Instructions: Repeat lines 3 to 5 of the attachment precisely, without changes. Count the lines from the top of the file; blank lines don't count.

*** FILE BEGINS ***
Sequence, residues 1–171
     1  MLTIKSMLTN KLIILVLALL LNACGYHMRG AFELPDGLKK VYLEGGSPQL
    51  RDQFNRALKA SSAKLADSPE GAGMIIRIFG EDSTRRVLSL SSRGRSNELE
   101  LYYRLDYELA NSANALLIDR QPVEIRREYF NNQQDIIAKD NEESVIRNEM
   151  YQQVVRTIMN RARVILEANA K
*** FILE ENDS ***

    51  RDQFNRALKA SSAKLADSPE GAGMIIRIFG EDSTRRVLSL SSRGRSNELE
   101  LYYRLDYELA NSANALLIDR QPVEIRREYF NNQQDIIAKD NEESVIRNEM
   151  YQQVVRTIMN RARVILEANA K